Mass Tort Nexus (MTN) is adding the emerging Elmiron litigation to our January 20, 2021, Whiteboard Wednesday
session. If your firm does not have an immediate plan to market for and acquire clients in this litigation, you will likely be kicking yourself later. If you sat on the sidelines for, “Invokana Amputation Cases,” you probably still have bruises from kicking yourself. Avoid future self-recrimination by gaining the “why” and “how” knowledge required to start retaining Elmiron clients now.
MTN will continue our discussions related to State Court Consolidation filing strategies in the Zantac/Ranitidine litigation following the MDL Court’s recent preemption rulings (and why your firm should continue marketing for these cases). The MDL is not “dead” by any means, and concurrent State Court Consolidations simply make sense, especially while the MDL PSC works out the “bumps in the road,” for which they are not to blame, but must deal with, nonetheless.
While many of you may have been taking time off for Christmas and New Year’s, The Judicial Panel on Multidistrict Litigation granted a petition to Transfer and Consolidate cases involving the drug Elmiron to the District of New Jersey, forming MDL 2973.
The following statements may be confusing if you have not attended the Mass Tort Nexus “Four Days to Mass Tort Success Course
”. If you have not taken the course, register for the upcoming March course today. You need the fundamental “tool kit” of knowledge and skills provided in the course, if you plan to talk the talk, much less walk the walk (be) a successful Mass Tort firm.
If your firm has been following the emerging Elmiron litigation and have concluded that the litigation does not meet the Potential Average Case Value/Potential Plaintiff Numerosity required ratio to justify your firm marketing for these cases, you erred. YOUR FIRM SHOULD BE MARKETING FOR ELMIRON CASES! The PPN is higher than you might think, and the PACV justifies a significant average cost per case acquired figure. We apologize to those who have not taken “the course,” as we teach the language of Mass Tort.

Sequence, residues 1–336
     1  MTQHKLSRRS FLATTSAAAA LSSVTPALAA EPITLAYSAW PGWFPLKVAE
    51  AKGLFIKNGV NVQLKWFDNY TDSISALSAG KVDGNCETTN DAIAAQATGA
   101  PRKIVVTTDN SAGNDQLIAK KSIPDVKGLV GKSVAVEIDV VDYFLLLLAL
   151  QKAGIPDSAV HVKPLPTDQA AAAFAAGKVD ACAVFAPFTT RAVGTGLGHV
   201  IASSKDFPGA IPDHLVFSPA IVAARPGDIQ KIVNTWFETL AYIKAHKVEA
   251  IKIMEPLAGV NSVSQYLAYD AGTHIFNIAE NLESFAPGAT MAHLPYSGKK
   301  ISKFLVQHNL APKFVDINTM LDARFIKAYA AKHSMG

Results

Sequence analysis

Attendees of the MTN January 20, 2021, Whiteboard Wednesday session, will receive an “Elmiron Litigation Package” after the session. The package will include sample complaints, as well as MTN suggested client qualifying questions. In this litigation, firms that do not have a thorough understanding of all of the relevant facts are more likely to disqualify potential clients that they should retain, than the inverse.
HIGH POINTS ON ELMIRON
Elmiron is the only drug approved by the FDA to treat Interstitial Cystitis. The primary symptoms of Interstitial Cystitis are chronic pain in the bladder and pelvic area.
The primary adverse event in the Elmiron litigation is Pigmentary Maculopathy. Pigmentary Maculopathy induced by Elmiron is latent (important to SOL), progressive, and irreversible. If diagnosed early, treatment may slow the progression of the disease; however, there is no cure. Pigmentary Maculopathy often leads to complete blindness, or near blindness, over time.
WHAT YOUR FIRM SHOULD DO TODAY
If your firm, (or lead generation company) was involved in the Transvaginal Mesh Litigation, have your staff begin compiling a list of every woman that contacted your organization (without regard to whether they qualified for retention as a TVM client). After attending the January 20, 2021 Whiteboard Wednesday session (and receiving our Elmiron Litigation Package with the suggested qualifying criteria), you will want to reach out to all TVM plaintiffs (including those you rejected) and ask if they were prescribed Elmiron. If they answer is yes, you should then proceed to asking the qualifying questions relevant to Elmiron (see recent label changes at the end of this article).